We will also be honoring Miner Barnhill & Galland for the firm’s dedication to civil rights work and protecting the public interest. Founded in 1971, Miner, Barnhill & Galland stands out for the individual commitment of the attorneys to public service, as well as the firm’s litigation work in support of subsidized housing, in opposition to racially-gerrymandering in voting districts, and against predatory lending practices.
By Gordon Waldron.
The Chicago Police Department’s Bureau of Internal Affairs Does Not Report Data That Would Allow The Public To Evaluate Whether It Is Processing Complaints of Police Misconduct Fairly.
Processing of complaints against police in Chicago is a Tale of Two Cities. The two cities are the Chicago Independent Police Review Authority (IPRA), and the Bureau of Internal Affairs of the Chicago Police Department (BIA). By ordinance, IPRA is responsible for investigating complaints alleging excessive force, coercion with a threat of violence, bias-based verbal abuse, and domestic violence by an officer. All other complaints against the police are within BIA’s jurisdiction, including complaints of illegal searches and seizures, improper arrests, verbal abuse, coercion and criminal misconduct. IPRA is an open book compared to BIA in disclosing how it processes complaints. The information that BIA makes available on its webpage does not allow the public to evaluate how well it performs its duty of investigating and making decisions as to complaints by the public of police misconduct.
- IPRA is required by ordinance to produce and make public quarterly reports disclosing the number of complaints it has received, investigated, and on which it made findings. BIA is not so required.
- IPRA’s quarterly reports also summarize the factual bases (without naming names) of the complaints it has sustained, and state the discipline it has recommended for each sustained finding. BIA does neither.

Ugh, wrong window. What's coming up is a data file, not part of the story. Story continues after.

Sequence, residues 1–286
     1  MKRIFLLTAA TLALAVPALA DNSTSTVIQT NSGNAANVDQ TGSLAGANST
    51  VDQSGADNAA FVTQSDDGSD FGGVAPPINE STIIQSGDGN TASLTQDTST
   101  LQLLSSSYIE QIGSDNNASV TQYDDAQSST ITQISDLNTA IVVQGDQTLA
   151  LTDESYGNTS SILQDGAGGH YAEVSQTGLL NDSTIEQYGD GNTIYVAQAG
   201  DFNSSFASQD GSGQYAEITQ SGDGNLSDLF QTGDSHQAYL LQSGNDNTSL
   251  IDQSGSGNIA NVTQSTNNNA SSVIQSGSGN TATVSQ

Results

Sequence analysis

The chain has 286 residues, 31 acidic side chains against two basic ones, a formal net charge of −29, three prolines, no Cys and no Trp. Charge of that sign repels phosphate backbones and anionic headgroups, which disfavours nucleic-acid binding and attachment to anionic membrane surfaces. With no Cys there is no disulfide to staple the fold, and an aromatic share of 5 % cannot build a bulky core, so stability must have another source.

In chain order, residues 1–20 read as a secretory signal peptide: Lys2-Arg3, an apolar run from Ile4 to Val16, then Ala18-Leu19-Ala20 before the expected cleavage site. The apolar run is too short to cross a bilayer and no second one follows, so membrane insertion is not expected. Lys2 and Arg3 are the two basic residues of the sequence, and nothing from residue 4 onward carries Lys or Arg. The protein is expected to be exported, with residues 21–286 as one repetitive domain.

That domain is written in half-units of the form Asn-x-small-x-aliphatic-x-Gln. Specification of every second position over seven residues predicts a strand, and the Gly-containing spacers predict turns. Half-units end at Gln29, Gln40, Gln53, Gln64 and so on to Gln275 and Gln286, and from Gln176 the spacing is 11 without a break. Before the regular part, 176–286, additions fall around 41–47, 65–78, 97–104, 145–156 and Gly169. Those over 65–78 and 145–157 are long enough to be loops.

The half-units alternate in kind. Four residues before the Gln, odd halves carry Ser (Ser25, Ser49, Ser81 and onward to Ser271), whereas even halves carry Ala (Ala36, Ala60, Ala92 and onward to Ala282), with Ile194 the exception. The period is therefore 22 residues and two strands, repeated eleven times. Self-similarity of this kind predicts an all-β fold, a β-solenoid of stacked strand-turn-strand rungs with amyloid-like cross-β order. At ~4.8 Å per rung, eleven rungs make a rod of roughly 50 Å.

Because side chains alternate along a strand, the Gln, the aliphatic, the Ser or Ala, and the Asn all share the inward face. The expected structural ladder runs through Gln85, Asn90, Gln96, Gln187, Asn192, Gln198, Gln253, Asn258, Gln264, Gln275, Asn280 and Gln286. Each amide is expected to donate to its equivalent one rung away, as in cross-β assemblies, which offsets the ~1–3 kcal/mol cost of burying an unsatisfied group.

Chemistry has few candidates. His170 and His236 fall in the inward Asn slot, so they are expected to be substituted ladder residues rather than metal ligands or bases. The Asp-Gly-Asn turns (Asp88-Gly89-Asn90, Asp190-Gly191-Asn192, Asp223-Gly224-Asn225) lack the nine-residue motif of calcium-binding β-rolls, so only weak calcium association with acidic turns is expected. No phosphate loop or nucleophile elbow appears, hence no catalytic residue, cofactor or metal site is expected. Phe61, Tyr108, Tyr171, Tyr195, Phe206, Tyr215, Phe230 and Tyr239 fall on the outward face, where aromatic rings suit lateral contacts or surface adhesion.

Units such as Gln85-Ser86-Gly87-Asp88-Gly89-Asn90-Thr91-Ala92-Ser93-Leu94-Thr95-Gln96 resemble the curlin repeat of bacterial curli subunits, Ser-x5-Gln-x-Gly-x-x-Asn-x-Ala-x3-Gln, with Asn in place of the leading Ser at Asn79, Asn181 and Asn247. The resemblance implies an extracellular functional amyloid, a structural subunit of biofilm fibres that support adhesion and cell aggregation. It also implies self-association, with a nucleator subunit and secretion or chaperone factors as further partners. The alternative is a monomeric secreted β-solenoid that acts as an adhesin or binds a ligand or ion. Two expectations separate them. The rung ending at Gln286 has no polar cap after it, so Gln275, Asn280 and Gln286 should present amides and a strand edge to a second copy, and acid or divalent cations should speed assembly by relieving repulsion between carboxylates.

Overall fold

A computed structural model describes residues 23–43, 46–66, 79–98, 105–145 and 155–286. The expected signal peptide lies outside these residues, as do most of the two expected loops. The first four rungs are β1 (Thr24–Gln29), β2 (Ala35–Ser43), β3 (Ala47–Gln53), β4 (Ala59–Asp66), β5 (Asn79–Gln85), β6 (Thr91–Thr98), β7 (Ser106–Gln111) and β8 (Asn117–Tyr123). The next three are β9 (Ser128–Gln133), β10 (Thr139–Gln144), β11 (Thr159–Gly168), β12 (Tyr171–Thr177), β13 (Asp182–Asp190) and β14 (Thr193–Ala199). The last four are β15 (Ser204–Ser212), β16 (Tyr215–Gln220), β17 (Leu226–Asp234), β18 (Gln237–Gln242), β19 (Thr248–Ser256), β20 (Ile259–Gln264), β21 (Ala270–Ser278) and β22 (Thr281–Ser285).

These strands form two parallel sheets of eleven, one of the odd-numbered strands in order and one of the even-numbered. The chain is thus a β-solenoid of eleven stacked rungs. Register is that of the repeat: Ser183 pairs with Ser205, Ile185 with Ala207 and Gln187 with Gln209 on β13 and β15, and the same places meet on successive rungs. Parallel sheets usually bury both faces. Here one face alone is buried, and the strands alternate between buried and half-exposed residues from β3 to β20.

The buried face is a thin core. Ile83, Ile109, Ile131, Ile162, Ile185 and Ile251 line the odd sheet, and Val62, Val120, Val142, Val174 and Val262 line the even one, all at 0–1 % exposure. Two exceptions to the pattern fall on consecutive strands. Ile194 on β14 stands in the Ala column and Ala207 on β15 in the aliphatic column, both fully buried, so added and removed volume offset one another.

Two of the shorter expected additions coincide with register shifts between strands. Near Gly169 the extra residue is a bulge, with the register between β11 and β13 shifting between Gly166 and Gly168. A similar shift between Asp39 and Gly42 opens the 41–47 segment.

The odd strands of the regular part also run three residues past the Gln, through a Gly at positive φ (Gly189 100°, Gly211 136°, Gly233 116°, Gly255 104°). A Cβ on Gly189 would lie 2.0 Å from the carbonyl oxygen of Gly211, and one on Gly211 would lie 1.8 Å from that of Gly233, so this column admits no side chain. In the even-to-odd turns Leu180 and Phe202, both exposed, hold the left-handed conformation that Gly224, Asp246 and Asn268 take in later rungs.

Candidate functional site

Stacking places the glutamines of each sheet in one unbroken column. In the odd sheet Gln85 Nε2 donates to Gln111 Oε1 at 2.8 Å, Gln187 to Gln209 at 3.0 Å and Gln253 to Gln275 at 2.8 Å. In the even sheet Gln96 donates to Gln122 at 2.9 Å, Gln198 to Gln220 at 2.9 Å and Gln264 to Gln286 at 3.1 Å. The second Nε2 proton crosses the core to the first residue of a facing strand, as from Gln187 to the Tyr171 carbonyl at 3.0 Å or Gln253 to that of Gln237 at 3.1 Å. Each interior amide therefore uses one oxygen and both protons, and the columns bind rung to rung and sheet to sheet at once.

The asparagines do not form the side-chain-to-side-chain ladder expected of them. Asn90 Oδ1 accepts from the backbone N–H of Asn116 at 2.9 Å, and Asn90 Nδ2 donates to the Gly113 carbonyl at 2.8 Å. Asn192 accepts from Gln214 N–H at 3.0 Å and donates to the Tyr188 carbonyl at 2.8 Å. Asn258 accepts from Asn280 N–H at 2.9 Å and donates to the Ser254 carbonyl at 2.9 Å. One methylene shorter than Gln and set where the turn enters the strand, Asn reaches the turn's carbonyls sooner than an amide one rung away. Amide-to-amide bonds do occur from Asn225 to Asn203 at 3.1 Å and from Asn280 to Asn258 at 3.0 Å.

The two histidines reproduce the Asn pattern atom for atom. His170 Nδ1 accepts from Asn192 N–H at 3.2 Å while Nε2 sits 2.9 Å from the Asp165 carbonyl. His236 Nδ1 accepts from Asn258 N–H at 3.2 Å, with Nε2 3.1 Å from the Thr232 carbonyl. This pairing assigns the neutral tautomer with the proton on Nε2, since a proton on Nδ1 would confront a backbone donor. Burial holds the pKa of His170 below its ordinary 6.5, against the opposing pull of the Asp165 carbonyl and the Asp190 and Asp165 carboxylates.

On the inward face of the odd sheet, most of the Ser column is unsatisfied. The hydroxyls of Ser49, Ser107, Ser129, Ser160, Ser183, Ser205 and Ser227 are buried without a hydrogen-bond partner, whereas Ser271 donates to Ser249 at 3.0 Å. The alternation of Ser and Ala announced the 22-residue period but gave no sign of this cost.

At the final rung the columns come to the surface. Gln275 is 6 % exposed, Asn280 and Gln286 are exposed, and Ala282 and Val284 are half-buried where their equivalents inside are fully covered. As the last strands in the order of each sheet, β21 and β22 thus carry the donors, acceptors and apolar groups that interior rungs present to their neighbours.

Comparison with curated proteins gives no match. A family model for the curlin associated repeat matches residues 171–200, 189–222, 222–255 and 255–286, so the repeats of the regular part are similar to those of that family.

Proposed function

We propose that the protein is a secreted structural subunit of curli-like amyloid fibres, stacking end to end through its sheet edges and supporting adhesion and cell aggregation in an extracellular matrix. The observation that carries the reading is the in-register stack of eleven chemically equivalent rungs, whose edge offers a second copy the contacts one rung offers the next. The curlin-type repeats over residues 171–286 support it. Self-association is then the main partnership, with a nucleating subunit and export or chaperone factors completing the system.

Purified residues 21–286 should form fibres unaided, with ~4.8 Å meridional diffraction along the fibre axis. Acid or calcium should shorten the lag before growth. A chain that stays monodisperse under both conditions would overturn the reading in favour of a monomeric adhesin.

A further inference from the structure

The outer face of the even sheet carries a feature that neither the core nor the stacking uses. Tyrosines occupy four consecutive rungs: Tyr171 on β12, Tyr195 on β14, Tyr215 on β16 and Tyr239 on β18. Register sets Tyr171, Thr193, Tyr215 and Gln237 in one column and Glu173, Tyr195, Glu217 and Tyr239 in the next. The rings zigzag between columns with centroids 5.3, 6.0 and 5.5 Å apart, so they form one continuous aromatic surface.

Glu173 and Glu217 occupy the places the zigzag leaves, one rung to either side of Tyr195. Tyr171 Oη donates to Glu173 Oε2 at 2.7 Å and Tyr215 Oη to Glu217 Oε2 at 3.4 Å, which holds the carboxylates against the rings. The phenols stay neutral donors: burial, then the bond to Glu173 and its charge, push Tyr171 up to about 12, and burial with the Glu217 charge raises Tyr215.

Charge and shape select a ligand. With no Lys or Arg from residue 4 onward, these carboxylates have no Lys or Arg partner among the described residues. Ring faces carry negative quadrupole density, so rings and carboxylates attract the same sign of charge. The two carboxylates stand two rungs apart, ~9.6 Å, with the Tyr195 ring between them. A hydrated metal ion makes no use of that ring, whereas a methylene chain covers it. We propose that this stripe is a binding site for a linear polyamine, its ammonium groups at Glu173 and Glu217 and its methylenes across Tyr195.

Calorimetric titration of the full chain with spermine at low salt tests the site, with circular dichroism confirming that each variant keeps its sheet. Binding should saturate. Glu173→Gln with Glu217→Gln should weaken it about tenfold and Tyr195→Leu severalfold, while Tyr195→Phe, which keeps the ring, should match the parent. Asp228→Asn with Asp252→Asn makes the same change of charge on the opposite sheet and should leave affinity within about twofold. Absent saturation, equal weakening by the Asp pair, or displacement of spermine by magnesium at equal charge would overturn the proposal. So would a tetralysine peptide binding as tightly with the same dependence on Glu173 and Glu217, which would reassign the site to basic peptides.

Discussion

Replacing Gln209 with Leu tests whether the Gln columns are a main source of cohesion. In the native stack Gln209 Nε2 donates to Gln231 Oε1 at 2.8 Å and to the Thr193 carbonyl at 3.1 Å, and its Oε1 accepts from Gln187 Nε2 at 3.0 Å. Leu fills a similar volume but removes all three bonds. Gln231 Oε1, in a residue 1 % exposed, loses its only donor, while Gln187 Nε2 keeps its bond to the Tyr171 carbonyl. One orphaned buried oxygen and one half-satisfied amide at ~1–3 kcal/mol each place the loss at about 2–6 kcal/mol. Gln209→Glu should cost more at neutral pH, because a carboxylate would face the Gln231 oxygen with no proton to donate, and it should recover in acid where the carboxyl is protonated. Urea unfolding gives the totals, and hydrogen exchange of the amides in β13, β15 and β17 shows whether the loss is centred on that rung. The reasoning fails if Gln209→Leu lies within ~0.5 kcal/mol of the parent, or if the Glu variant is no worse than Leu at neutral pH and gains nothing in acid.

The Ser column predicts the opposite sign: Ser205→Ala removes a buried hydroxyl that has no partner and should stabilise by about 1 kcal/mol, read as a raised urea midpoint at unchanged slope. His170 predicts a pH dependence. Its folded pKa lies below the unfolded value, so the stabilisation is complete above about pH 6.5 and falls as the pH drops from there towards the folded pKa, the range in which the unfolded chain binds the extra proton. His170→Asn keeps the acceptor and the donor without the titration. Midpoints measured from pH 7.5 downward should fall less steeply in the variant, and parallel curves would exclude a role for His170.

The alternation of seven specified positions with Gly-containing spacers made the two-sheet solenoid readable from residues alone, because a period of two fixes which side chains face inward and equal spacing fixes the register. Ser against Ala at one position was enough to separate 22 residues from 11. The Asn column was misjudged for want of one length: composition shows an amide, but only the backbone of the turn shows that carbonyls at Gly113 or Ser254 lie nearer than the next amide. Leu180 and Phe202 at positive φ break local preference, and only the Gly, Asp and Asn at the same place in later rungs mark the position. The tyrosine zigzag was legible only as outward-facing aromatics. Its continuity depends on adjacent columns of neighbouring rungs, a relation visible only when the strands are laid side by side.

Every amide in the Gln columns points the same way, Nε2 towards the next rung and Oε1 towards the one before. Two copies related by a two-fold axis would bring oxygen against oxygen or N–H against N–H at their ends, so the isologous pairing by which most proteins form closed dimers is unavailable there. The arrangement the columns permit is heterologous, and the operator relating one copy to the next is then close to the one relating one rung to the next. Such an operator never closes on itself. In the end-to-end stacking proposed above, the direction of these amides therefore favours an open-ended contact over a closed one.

- IPRA is relatively transparent about how it processes complaints. BIA is not.
BIA’s 2013 annual report lists the number of complaints that it receives within its jurisdiction each year and the prior year, broken down into 15 categories. It also graphs that same data, and graphs it again as to the top 5 categories of complaints. It also reports on separation and suspension decisions of the Chicago Police Board. But it reports nothing about what it does with the complaints. It does not report how many it investigates per year or what its backlog of complaints is. It does not report how many findings it made or their categories. If you were to try to design an annual report to make it difficult for members of the City Council or the public to evaluate whether BIA is doing a good job of investigating complaints of police misconduct, it would be hard to design a more confusing one.
It turns out, however, that since at least 2004, the Chicago Police Superintendent has been submitting the Chicago Police Board monthly data on the number and categories of its findings on complaints. But you can’t find any link, much less reference, on BIA’s web page to that information. To its credit, the Chicago Police Board recently started posting that data on its web page.
You can find this data by going to the Chicago Police Board home page and clicking on “Public Meetings.” You will see a topic called “Regular Meetings.” For the May 2015 meeting, click on the term “Blue Book.” Then scroll down to page 14 of that document.